Fate/Extella: The Umbral Star (PC)

Platform PC, PSVita, Playstation 4, Nintendo Switch
Developer Marvelous
Publisher Marvelous, XSEED Games
Release Date 25/07/2017
Code Provided by Decibel PR

Fate/Extella is the latest release in the Fate series, following on from the story laid down in Fate/Extra but offering a new way to sample that world. Already seeing a release on PSVita & PlayStation 4, also on Nintendo switch just last week, the game has made its way to PC courtesy of Marvelous & XSEED Games. Are the heroes of the Holy Grail War able to survive the latest test? Lets find out..

The game follows on from the events of the Holy Grail War in the previous game Fate/Extra. Nero and her master have won the war and gained control over the Moon Cell Automaton computer, which has the power to grant a wish. A Regalia ring is bestowed upon Nero, with acts as a token of kingship over the rapidly expanding world. It doesn’t take long for them to be confronted by a new foe, who also holds a Regalia and claims lordship over the lands – which leads to a civil war. Just as things look to have settled at the culmination of the war, things take an even worse turn for the worse. Altera arrives bearing another Regalia ring, and the very existence of the Moon Cell is placed in a state of peril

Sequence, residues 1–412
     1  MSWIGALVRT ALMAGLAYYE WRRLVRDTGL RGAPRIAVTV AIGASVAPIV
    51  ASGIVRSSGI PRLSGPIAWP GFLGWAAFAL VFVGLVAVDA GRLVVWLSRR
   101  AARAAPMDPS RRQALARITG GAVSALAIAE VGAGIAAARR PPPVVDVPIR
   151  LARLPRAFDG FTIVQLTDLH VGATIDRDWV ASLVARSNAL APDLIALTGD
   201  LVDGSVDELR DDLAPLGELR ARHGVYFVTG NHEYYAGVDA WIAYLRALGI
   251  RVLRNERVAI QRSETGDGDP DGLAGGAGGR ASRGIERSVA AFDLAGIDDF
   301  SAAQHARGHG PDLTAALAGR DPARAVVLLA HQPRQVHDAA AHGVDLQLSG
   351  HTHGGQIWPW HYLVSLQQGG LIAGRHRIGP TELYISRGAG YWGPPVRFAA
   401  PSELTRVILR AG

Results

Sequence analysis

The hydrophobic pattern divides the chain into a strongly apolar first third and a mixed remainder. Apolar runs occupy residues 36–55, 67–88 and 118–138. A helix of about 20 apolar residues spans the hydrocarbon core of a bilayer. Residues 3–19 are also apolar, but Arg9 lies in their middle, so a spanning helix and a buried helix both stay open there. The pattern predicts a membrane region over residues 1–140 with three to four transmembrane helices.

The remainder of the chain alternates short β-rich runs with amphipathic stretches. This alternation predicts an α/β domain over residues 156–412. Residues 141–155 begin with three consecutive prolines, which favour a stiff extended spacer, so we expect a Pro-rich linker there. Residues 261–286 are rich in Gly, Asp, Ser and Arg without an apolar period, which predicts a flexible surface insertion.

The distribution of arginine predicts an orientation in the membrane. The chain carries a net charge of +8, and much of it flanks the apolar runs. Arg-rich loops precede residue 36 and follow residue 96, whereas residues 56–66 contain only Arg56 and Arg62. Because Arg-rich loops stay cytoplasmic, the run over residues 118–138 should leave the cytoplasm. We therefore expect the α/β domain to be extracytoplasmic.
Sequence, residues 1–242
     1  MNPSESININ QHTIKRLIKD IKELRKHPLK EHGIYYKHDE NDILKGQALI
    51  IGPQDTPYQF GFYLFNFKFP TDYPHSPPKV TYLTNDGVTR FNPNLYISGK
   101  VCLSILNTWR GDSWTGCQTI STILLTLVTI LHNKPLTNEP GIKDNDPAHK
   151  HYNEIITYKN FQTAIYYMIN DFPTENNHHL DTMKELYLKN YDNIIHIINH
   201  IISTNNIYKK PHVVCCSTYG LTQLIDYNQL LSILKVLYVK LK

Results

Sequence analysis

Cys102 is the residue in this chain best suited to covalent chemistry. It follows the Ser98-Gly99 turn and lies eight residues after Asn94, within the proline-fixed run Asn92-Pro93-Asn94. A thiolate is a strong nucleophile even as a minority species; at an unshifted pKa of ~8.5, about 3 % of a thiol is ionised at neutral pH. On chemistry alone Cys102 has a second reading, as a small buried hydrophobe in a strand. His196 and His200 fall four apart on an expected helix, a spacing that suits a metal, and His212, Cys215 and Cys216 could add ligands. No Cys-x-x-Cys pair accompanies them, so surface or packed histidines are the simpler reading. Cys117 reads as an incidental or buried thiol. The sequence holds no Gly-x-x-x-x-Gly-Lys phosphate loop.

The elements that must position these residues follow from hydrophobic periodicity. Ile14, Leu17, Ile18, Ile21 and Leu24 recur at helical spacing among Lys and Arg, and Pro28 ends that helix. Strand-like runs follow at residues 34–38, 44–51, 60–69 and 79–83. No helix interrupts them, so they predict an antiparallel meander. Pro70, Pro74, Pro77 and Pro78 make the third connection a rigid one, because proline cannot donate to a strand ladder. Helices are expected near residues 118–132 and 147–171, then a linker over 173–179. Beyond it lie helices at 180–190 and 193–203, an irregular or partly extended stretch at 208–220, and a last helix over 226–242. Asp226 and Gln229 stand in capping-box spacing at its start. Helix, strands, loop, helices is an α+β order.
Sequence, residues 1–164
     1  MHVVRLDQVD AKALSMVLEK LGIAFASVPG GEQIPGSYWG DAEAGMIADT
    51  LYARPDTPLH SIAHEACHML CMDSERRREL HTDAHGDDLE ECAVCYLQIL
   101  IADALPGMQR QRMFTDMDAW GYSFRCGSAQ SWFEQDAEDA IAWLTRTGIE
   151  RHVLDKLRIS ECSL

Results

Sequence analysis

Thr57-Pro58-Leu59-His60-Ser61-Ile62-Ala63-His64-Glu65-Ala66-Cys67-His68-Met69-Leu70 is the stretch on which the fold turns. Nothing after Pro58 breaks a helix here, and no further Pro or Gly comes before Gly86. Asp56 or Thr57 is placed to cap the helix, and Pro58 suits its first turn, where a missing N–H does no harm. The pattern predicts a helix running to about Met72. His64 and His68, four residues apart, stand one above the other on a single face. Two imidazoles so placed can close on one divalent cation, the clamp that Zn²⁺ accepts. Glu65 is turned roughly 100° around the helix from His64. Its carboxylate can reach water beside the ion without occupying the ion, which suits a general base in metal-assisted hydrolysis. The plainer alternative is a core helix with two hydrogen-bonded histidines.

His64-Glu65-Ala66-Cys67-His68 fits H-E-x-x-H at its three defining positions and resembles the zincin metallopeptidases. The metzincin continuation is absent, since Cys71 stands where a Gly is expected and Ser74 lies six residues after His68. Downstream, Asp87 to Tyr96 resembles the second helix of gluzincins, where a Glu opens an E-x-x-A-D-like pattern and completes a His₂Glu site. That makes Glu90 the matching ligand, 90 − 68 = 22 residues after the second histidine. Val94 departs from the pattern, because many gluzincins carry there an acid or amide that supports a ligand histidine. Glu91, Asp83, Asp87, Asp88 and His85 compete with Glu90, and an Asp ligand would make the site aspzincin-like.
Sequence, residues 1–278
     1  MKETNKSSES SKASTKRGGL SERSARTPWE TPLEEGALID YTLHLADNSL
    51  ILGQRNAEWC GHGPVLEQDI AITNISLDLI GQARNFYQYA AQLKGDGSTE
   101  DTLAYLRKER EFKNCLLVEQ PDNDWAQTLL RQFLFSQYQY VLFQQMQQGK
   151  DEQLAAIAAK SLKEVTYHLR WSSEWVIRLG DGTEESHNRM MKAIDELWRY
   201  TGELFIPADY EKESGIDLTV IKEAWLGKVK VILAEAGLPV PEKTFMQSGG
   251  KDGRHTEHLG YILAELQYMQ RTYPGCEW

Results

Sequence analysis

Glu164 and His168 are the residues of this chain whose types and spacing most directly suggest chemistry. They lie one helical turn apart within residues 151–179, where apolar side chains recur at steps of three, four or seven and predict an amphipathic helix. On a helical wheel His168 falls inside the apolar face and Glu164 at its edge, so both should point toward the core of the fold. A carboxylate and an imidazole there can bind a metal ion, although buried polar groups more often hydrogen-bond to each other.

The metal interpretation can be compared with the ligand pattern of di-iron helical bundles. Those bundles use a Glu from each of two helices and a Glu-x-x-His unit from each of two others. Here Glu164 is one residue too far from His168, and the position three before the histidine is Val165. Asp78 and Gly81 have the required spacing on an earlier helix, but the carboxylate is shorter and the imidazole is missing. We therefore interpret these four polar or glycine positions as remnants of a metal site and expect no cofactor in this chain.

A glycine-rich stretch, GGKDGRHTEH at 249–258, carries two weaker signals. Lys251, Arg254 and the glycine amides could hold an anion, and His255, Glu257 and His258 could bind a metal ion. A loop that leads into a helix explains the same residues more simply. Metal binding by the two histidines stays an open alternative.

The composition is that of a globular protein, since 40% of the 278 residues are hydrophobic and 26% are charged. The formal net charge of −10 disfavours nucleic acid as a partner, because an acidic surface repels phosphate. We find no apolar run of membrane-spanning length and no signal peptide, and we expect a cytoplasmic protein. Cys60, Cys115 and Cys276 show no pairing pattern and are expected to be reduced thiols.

One good aspect of the games story is that previous knowledge of the series isn’t really required. The game does follow on from the previous Fate/Extra, but with your character suffering amnesia due to the situation that arisen at the start of the game, previous exploits are explained and you get knowledge of the lore as you go. There are a few stories to play through as well, though only Saber is available to start with and the other two are locked, with side stories for your servants also unlockable as you progress in the game. These are usually unlocked by increasing your bond, so completing side missions during battles becomes necessary if you want to sample all the game has to offer. There’s certainly plenty of story here that does a good job of keeping you engaged.

If you’ve played Fate/Extra you’ll be pleased to know this sequel carries over the same style, only now at a higher fidelity. The world and characters pack a decent amount of detail, with added effects such as reflections adding depth to the world around you. Things can look impressive during the games battles, as the screen is packed with enemies and a swipe of your weapon seems to unleash all manner of special effects. With the game also being developed for PSVita, it’s not a game changer for visuals, but it does still look good and isn’t phased much if you decide to go 4K. Audio keeps up the pace too. Full voice acting is available throughout the game, minus your character of course, with the music doing a good enough job of providing a solid soundscape during battle.